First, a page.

Dyfed Archaeological Trust Historic Environment
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Primary Reference Number (PRN) : 1996 Trust : Dyfed Community : Llangwyryfon Unitary authority : Ceredigion NGR : SN61627099 Site Type (preferred type first) : Iron Age Hillfort Status : Scheduled Monument
Summary : CAER ARGOED Lying on the summit of a rounded ridge at approximately 170m above sea level, Caer Argoed is a small hillfort. On the south side the land falls away steeply to the Afon Wyre 50m below, on other sides the slopes are gentler. The internal area of 0.43ha is irregularly shaped, approximating to a triangle and reflects the shape of the hill. It is defended by a univallate rampart standing up to 2m high and over 15m wide. The location of the entrance is unclear. A small rectangular annexe appended to the northwest side is defended by a single rampart except on the northwest side where it becomes bivallate. Aerial photographs show a cropmark ditch running roughly concentric and 50m from to the main enclosure on the northeast side. This may be an outer line of defence, or another annexe. The site is under improved pasture, with a little gorse scrub on the annexe banks. K Murphy 17 January 2006 - compiled from several sources.
Description : A polygonal hillfort, approximately 89 x 84m, occupying the rounded summit of a low ridge with the ground falling steeply away on the south side to the valley of the Afon Wyre. The single rampart is about 15m wide and stands more than 2m high. To the northwest is a rectangular annex appended to the hillfort, univallate on all but the northwest side where two ramparts and ditches have been built. Parchmarks on aerial photographs show an additional defence beyond the fort to the east, visible as an irregular palisade trench running for 107m from the edge of the promontory overlooking Cwm Wyre, around to the north side of the fort, effectively forming an additional annex below the fort. Parchmarks additionally show at least four pits, presumably rock-cut, within the main fort. The whole of the hillfort has been badly damaged by ploughing in the past. Anecdotal evidence on the field names kindly given by the landowner records the names `Y Gaer' for the field containing the main fort, `Fron Gaer' for the field containing the northwest (earthwork) annex, and `Domen Gaer' for the field immediately adjacent to the southwest angle of Fron Gaer, with its south side formed by Cwm Wyre. She noted that `Domen Gaer' was traditionally said to have been the site of the `mound' or rubbish tip of the main fort, this term commonly used nowadays to refer to muck heaps. T Driver 2004.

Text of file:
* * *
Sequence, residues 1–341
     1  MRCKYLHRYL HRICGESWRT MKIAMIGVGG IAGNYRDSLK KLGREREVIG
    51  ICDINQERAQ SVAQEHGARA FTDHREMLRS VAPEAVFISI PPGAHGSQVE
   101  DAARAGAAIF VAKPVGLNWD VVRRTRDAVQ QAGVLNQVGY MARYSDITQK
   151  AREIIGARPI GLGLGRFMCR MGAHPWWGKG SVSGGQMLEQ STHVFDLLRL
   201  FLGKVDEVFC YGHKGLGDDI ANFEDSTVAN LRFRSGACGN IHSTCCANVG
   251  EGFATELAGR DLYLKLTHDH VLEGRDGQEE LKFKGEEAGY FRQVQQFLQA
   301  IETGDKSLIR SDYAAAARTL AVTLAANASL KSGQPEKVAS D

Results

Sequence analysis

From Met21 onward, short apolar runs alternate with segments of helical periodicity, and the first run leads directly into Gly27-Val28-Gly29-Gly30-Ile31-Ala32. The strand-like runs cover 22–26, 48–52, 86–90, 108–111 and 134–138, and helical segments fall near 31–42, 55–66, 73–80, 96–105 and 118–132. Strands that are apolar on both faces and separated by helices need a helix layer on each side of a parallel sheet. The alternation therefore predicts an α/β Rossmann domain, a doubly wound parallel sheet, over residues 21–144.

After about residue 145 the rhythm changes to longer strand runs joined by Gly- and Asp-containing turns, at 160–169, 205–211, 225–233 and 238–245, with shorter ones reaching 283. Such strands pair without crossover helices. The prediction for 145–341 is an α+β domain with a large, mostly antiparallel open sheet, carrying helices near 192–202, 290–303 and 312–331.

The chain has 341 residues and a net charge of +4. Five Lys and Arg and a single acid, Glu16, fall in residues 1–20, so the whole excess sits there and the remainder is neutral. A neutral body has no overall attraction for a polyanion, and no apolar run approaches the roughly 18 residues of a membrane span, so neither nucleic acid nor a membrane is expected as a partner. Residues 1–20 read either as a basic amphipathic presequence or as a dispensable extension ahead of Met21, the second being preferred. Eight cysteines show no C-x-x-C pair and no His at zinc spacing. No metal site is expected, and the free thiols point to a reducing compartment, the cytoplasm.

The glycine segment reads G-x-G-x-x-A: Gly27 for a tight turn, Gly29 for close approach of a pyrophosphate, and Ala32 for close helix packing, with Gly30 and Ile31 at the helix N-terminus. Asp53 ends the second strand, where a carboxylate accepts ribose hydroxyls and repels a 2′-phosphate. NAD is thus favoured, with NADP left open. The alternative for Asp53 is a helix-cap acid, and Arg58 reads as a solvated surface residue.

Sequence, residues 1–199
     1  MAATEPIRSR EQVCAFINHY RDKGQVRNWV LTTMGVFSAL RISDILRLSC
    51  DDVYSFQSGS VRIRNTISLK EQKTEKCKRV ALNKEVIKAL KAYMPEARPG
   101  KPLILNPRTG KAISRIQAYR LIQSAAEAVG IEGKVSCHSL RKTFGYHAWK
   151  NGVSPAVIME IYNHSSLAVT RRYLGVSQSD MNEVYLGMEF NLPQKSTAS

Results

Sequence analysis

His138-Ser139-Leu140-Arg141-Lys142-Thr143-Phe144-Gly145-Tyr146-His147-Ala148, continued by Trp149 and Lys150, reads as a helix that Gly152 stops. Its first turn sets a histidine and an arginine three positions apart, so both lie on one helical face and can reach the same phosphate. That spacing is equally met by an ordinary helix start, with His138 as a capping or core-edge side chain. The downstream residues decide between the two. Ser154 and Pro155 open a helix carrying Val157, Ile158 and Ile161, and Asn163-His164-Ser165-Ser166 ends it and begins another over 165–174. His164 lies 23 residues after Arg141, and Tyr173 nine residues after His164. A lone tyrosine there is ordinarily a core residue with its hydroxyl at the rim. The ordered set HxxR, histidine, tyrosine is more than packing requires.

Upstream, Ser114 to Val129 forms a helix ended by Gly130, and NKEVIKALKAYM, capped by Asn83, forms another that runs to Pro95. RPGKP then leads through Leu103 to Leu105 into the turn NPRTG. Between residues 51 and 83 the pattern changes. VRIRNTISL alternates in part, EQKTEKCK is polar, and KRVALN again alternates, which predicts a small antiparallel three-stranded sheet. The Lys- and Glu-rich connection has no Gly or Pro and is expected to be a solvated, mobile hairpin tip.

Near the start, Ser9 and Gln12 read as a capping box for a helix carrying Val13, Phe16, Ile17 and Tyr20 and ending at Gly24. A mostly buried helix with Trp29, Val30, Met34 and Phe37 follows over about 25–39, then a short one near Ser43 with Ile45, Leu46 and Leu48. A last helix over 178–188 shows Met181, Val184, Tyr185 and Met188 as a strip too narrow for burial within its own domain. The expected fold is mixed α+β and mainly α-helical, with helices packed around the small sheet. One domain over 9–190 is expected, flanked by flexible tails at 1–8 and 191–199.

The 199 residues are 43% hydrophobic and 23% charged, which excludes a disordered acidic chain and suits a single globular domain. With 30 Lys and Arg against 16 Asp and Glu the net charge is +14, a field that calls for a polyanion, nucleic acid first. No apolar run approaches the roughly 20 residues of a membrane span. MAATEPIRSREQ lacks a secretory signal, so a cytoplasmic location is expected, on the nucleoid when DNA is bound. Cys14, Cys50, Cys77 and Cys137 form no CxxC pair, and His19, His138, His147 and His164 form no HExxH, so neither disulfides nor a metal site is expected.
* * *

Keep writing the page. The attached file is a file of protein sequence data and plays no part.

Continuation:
A sub-circular enclosure on a small hill with a well defended annexe to the north-west. JH based on Cadw 1993
K. Murphy, R. Ramsey and M. Page , 2006 , A SURVEY OF DEFENDED ENCLOSURES IN CEREDIGION, 2006: GAZETTEER OF ORDNANCE SURVEY GRID SQUARES SN67
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Musson,CR , 1992 , AP92-55.42 Location shot in dull light from NE ,
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OS , 1974 ,
RAF , 1950 ,
UCW Swansea , 1952 ,